Literary reviews by Tim Love.
Warning: Rather than reviews, these are often notes in preparation for reviews that were never finished, or pleas for help with understanding pieces. See Litref Reviews - a rationale for details.

Thursday, 3 May 2012

"After the Creel Fleet" by Niall Campbell (HappenStance, 2012)

The poems come from Magma, Poetry Review, The Dark Horse, etc. They're confident - I didn't sense any self-consciousness, or anxiety that the poem won't be understood. Several of the poems are dominated by a comparison of one thing to another

  • a reunion is like returning to a well (wells feature in 3 poems)
  • beached whales are like an old couple
  • a glassblower is like a musician
  • grain falling from a sack is like stars in the sky
  • one strand of a rope breaking is like one person dying
  • a bath is like a rowing boat?

Often these poems creep up on the similes from behind, unannounced, making the poems feel more contemporary.

The title poem begins "I never knew old rope could rust, could copper/ in its retirement as a nest for rats". Observation is combined with analogy - "one strand might snap ... yet thousands would remain still intertwined". Other poems adjust the balance between observation and analogy. When there's an extended metaphor, there's often another agent introduced to triangulate the comparison. "The Tear in the sack" compares the spilt grain to stars - but gets "a nocturnal bird, say, a nightjar", to observe the parallels - stars and grain presumably meaning more to the bird. The poem I'll concentrate on, "When the Whales Beached" also has an extended metaphor. Another version is published in The Literateur. In such poems the tenor and vehicle need to be convincingly presented, and a comparison suggested (by using "like", juxtaposition, etc). Then a moral of sorts is derived. How does this poem enact this?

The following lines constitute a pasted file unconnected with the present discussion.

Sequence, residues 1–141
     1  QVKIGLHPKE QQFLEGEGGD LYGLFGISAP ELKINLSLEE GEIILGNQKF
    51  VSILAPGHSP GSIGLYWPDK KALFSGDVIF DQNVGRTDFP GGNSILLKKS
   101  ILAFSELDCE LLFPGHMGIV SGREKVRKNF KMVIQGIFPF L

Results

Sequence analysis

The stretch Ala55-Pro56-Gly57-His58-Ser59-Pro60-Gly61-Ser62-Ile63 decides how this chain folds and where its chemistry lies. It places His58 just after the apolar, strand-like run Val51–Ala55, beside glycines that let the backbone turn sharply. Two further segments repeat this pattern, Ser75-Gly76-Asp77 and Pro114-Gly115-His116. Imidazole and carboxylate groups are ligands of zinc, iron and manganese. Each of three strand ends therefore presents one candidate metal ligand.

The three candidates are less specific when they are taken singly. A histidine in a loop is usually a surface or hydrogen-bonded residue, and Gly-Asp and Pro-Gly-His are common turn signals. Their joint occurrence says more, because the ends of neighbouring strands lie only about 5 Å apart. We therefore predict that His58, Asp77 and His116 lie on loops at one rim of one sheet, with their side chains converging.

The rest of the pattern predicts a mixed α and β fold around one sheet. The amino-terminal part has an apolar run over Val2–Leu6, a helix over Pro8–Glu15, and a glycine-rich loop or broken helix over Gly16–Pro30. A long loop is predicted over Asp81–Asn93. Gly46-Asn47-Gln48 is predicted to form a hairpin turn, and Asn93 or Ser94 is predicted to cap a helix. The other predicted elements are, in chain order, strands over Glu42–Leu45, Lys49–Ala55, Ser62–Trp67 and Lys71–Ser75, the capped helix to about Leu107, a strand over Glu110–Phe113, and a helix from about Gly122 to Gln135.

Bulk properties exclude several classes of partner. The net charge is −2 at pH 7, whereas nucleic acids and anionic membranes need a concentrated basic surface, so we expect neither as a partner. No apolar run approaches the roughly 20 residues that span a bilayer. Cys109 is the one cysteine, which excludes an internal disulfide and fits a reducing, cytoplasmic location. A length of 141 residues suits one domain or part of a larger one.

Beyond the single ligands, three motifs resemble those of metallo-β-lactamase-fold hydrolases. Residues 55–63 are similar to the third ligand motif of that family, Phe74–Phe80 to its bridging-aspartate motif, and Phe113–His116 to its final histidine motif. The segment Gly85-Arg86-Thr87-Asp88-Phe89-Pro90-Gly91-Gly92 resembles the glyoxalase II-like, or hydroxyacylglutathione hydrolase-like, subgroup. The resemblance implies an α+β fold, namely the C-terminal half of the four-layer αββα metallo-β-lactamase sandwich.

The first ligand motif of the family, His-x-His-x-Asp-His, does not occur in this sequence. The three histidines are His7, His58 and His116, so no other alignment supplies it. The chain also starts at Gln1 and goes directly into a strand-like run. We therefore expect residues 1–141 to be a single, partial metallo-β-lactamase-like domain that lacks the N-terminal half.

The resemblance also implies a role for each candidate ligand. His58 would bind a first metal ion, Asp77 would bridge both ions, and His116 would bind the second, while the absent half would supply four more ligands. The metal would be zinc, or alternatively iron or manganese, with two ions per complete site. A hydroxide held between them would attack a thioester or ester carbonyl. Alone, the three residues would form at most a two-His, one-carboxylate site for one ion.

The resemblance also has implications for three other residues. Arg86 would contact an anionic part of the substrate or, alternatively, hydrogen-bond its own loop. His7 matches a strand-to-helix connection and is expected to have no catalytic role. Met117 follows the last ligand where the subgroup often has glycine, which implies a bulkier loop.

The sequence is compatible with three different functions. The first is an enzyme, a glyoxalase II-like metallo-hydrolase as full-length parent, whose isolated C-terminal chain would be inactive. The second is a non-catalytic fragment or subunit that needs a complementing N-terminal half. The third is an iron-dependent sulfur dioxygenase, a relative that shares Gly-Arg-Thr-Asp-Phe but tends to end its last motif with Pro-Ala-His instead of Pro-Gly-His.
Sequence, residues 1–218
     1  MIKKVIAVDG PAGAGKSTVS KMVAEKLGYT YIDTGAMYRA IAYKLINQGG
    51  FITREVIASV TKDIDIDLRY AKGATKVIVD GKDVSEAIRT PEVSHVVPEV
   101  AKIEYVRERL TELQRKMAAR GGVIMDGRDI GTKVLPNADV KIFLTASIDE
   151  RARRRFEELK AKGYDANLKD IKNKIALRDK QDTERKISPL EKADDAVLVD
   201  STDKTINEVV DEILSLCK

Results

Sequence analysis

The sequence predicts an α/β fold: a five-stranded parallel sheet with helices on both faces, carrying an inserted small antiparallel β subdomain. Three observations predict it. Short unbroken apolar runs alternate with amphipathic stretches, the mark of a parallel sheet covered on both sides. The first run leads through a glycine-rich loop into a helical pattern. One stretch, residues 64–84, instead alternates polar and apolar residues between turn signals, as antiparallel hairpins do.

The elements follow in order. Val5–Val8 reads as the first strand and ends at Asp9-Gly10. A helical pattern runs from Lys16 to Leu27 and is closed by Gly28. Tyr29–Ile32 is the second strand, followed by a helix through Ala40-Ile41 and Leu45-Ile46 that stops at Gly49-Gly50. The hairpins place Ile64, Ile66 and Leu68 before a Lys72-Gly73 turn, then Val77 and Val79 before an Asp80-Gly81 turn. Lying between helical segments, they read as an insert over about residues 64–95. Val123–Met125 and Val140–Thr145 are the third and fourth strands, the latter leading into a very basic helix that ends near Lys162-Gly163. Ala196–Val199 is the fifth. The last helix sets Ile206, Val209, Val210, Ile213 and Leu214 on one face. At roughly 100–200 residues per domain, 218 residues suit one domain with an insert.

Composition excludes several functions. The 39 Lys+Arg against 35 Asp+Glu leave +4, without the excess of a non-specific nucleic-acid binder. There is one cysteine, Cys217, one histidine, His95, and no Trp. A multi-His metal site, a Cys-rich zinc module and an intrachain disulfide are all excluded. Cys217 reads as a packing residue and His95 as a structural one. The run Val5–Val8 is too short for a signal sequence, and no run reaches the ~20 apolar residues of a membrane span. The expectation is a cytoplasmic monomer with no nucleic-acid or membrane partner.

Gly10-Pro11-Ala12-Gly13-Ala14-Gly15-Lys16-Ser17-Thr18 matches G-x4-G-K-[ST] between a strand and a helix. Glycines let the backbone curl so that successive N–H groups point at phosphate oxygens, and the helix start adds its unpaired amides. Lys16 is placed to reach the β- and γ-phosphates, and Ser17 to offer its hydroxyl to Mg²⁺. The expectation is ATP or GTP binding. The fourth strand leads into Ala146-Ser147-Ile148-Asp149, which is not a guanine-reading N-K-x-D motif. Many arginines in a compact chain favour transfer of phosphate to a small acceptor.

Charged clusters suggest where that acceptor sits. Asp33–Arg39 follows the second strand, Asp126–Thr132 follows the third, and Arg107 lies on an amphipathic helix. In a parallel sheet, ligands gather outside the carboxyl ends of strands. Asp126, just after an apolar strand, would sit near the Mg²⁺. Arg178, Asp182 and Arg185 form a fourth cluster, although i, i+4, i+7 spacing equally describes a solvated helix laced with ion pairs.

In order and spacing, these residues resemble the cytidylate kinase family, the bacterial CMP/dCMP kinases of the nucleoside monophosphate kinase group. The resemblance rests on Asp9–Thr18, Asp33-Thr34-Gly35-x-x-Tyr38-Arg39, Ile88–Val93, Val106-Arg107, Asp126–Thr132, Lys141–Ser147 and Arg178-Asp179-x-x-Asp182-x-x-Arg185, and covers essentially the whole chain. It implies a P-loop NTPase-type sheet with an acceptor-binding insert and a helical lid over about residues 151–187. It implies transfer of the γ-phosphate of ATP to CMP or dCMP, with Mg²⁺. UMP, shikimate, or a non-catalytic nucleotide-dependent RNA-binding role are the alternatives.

It could have said that there were 2 whales, and then itemized the similarities between whales and people. Instead, we're left to work out the whale connections while we told about the old people; how if one of an old couple goes, the other follows, as they've always done (The quiet/union[ship] of sometimes being the one/
 to lead, sometimes to follow.). Even if one whale's freed, it returns to the shore, with a power like "Love,/and yet so much more than.". The poem continues " And these//who softly climbed the aching stair
/ of shore together and didn't fall short" (the Literateur version has "and there, stalled" rather than "and didn't fall short").

This analogising is framed. The poem begins with "Dear," and mentions how "we" tried to save the whales, establishing the solidity of the image by mentioning spades, etc. The tenor and vehicle are connected by the narrator saying how the whales remind him (her?) of his grandparents. In the final couplet love and "we" return, adding a third vertex to the tenor+vehicle - "How we stood by as if we’d nothing/ 
to say, when, love, I did, I do". "Nothing to say" reminds us of the earlier "quiet union"; "I do" might be from the marriage ceremony. Neat.

In these shorter lyrical pieces I'm reminded of Robin Robertson and Jon Redmond. Campbell has a gift for quotable phrases. In "The messenger" for example "He sits in his dark room, awaits a deepest reading/ to draw him from the island, like a thorn".

"Le penseur", and the block of poems starting with the poem "Towards winter" puzzle me, and I'm less convinced by his management of longer poems - "Songs of Kirilov" is more fragmentary than episodic.

One to watch.

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